Australia Tries to Break Its Dependence on China for Lithium Mining

The Australian government and business are hoping to keep more of the country's critical battery ingredient within its borders rather than shipping it all off to China.

Australia Tries to Break Its Dependence on China for Lithium Mining

Australia is the only country that mines the crucial battery ingredient and shipss it almost exclusively to China. Both the government and businesses are betting that they can change this.

The Pilbara Minerals Lithium mine in Western Australia.

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By Natasha Frost

Matthew Abbott Photographs and Videos

Reporting from Western Australia's Pilbara region

May 23, 2023

In rural Western Australia's Pilbara Minerals, a vast processing plant rises over the red dirt. Its pipes tremble as it moves tons of a slurry of lithium ore.

The plant converts the ore of a nearby quarry into spodumene. This powder is greenish-crystalline and contains about 6 percent Lithium. It sells at about $5,700 per ton. The spodumene then gets shipped to China where it's further refined and used for batteries in products like electric cars and cellphones.

Australia produces almost all the lithium in the world, which is then sold to China. The Australian government now wants to end the global dependence on China in processing the minerals that are driving the green Revolution.

Pilbara Minerals is the largest independent lithium miner in Australia. It is exploring a model to produce battery chemicals closer to the mines and sell them to allies such as the United States or South Korea.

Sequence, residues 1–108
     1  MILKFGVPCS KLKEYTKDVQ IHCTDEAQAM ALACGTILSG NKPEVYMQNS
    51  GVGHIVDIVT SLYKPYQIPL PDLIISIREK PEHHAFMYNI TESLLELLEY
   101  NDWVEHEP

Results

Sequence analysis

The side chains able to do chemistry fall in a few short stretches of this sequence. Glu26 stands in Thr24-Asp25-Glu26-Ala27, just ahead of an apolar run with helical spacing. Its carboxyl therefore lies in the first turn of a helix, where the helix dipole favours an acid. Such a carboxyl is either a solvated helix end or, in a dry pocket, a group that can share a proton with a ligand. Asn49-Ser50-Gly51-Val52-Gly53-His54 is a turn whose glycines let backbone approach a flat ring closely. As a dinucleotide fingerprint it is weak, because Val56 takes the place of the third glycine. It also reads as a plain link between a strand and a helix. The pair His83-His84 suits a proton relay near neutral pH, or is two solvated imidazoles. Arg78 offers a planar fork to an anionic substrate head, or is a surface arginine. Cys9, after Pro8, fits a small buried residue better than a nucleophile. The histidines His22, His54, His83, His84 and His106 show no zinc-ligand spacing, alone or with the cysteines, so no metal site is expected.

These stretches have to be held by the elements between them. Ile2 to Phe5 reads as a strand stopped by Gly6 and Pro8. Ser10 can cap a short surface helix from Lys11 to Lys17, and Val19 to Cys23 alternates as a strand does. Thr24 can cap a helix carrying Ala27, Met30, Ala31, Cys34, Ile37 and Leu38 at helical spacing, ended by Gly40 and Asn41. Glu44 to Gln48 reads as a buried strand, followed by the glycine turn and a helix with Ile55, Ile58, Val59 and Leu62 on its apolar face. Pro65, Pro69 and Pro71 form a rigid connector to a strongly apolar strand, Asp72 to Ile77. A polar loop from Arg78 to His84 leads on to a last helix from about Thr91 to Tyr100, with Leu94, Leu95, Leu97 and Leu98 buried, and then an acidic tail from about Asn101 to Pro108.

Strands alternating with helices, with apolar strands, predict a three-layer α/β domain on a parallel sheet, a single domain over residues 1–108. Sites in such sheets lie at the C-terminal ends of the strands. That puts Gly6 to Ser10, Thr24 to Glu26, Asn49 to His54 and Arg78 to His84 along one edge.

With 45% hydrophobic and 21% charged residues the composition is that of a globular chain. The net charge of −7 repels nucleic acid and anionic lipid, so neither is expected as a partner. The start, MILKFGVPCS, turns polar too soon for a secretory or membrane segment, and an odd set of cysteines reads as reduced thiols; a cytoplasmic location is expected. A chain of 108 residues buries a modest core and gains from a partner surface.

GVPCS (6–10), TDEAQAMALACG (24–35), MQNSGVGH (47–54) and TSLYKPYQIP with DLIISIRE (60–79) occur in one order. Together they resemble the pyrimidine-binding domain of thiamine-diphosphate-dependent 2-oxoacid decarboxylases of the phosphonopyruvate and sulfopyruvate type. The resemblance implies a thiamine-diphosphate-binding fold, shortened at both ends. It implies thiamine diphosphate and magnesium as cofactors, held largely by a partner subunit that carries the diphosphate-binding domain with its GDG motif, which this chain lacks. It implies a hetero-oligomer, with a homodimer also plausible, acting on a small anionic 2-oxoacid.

It is a daunting task to get such an industry off the ground. China has a huge head start with its years of experience, hundreds of lithium refinery plants and steadily tightening control over the world's batteries-making facilities. Analysts said that Australia's stricter workplace standards would also make it more difficult to compete with China in terms of price.

Marina Zhang, researcher at the Australia China Relations Institute of the University of Technology Sydney, said that consumers will use their feet to vote and will purchase electric vehicles or solar panels for home based on cost.

Pilbara Minerals and the Australian tech firm Calix are working on a project that will refine spodumene into a lithium-phosphate salt, a crucial step to prepare the material for batteries. By the end of this year, the companies will make a decision on whether or not to invest 70 million Australian dollars (or around $47million) to build a demo plant.

Dale Henderson of Pilbara Minerals and others have argued that reprocessing lithium in-house would create jobs, reduce shipping costs (94 percent of spodumene shipped is thrown away as waste) and ensure supply chains of battery chemicals amidst rising geopolitical tensions.


Refining Lithium would also enable Australia to tap into Inflation Reduction Act (the Biden administration policy implemented last year). The law is designed to reduce China's dominance in green energy by providing loans or subsidies to countries like Australia that have free-trade agreements with the United States.

The Group of 7 summit held last weekend saw President Biden of the United States and Australia's Prime Minister Anthony Albanese announce joint projects to improve the supply chain of 'critical minerals,' which are used in the production of clean energy.

The Australian government has invested hundreds of millions in supporting the lithium refinery industry. They bet that customers would prefer to buy lithium from a country with a stronger rule of law and a more environmentally-friendly approach.

Allison Britt is a director of Geoscience Australia.